Monday, 7 January 2013

A Lesson in Abusing Power to Curtail Labour Rights

With the recent enactment of Bill 115, otherwise known as the Putting Students First Act, the Ontario Liberals officially joined the ranks of union detractors. The Act, which came into effect on January 3, 2013 is retroactive to September 1, 2012 and will expire on August 31, 2014[1]. The Act eschews the collective bargaining process and imposes new 2-year collective agreements on teachers in Ontario’s public and secondary school systems.  Unions cannot strike whilst under a collective agreement. The Act, then, severely restricts the rights of unions to strike in opposition to these statutory impositions. It is pre-emptive back-to-work legislation and represents a shameful abuse of power by the Ontario Liberals to circumvent the rights of organized labour.

When the necessity of new contracts for the teachers was looming, the government had two golden opportunities. Most obviously, the situation presented the government with the chance to show respect for teachers’ unions and for organized labour generally. A less apparent but no less important opportunity arising from the need for new teacher contracts was the opportunity for the government to demonstrate diplomacy skills through good faith negotiations that could yield agreements satisfactory to all sides.

Unfortunately, these opportunities were not seized and the governing Liberals chose to legislate new contracts for Ontario’s teachers. These new contracts impose fresh hardships on Ontario’s teachers, not least of which is the introduction of reductions to benefit packages, wage freezes, and the reduction of allowable sick days.

Education Minister Laurel Broten has stated that the statutory imposition of new contracts was a necessary tool to stop strikes and combat the province’s $14.4 billion deficit[2]. However, there are already useful tools in place to prevent strikes and the Act was not needed to achieve these ends. Ivan Rand created the “Rand Formula” over 60 years ago expressly to avoid strikes (the Rand Formula is discussed in more detail in our post from Dec.19, 2012). Rand understood that the best way to avoid strikes was to empower each side of a labour dispute. He understood that power imbalances can lead to abuses of power and foster acrimonious labour relations. The Rand Formula respected the legitimacy of unions and employers, achieving a delicate balance which enabled either side to enter into meaningful negotiations to protect their interests. Through mutual agreement, unions and employers could reach agreements acceptable to each side and thereby negate any need for strike or lockout action.

Broten’s actions, however, ignore the practicality of balancing the power of unions and employers and demonstrate a deficit in her sensitivity to labour relations well below that displayed by Rand. Far from Rand’s delicate solution to labour disputes, the Ontario Liberals have legislated an uneven playing field in the governments favour and have shown the political acumen of a totalitarian regime.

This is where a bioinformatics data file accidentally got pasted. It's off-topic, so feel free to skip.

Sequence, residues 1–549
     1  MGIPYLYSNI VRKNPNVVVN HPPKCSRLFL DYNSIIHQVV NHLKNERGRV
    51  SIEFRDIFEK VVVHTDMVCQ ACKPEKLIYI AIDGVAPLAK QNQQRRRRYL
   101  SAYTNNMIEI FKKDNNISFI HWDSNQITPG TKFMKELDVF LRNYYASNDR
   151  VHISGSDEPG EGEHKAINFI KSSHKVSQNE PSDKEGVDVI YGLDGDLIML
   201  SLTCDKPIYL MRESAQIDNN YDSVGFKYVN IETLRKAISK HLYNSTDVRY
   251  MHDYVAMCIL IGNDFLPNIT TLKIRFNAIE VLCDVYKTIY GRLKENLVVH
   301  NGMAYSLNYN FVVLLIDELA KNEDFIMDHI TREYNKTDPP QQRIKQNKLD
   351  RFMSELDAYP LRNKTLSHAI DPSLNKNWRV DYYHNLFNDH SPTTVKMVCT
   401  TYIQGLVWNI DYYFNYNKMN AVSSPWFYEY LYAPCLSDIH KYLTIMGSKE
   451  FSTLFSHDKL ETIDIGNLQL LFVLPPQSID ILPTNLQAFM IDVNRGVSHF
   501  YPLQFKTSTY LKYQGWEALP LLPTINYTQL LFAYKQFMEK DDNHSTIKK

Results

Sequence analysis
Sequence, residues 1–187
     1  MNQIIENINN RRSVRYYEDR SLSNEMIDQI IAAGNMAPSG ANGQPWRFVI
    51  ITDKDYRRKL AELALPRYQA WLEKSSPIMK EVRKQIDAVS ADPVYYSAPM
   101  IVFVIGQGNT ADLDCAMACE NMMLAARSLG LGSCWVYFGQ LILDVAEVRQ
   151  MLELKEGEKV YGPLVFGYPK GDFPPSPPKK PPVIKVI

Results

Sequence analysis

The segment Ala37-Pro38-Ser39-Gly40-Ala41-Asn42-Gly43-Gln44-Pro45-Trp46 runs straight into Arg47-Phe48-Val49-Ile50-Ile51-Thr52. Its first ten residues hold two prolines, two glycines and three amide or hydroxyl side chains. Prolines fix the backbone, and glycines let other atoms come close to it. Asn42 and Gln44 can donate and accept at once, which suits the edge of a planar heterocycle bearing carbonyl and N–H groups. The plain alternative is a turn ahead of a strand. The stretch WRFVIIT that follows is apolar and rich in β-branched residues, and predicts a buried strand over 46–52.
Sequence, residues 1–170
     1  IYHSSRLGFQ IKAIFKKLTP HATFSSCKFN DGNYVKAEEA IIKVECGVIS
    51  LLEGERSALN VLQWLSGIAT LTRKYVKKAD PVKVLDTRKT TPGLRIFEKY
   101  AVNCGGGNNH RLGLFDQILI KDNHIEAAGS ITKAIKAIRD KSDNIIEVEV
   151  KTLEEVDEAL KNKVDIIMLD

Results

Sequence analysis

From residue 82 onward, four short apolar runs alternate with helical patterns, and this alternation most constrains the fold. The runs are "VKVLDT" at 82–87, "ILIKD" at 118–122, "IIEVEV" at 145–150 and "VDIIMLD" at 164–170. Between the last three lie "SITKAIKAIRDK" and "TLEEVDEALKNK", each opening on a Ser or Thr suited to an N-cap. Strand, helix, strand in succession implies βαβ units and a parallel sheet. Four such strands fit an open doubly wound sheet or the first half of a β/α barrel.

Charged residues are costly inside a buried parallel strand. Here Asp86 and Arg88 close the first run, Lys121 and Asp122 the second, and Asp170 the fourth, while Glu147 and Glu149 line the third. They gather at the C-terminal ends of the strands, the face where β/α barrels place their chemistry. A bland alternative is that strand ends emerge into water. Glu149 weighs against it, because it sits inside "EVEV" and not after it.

The Act avoids strikes, not through negotiations, but through active and coercive suppression of the right to strike. The government has enacted these anti-strike measures in spite of the fact that the right to bargain collectively and to strike are protected by the Charter. Charter considerations, however, do not seem to influence Broten, who has stated that she was left with no “reasonable” option but to use her authority under the Act to impose the new collective agreements on all school boards that did not reach collective agreements on their own accord as of Dec. 31, 2012[3]. The Charter protected rights of the unions be damned.

As a gesture of “goodwill” the Liberals plan to repeal the Act by the end of the month. Such repeal will not alter the newly imposed contracts or the severe restrictions they place on the right of teachers to strike. While it is heartening to know that the extraordinary anti-labour powers afforded by the Act will expire in two years’ time, the damage to goodwill between Ontario’s teachers’ unions and this government will already have been done. For Broten to now present the intention to repeal the Act as some sort of olive branch is disingenuous at best and is akin to offering someone a Band-Aid after you’ve cut their arm off – it’s simply not good enough.

Teachers are trained to educate Canada’s youth, and by almost any measure have done so with great care and skill. In blaming unions for the escalating labour dispute, in restricting the right to strike, and in imposing new collective agreements which, despite Broten’s assertions to the contrary, are neither fair nor balanced one has to wonder what Broten is teaching Ontario’s youth. If the lesson is that it is good and proper to curtail constitutional rights rather than respect a process of meaningful negotiation, or perhaps that dealing with financial deficits is more important than recognizing democratic rights, then Broten is indeed an excellent teacher. The only problem is that the teachers of Ontario are the ones with the lessons actually worth learning.

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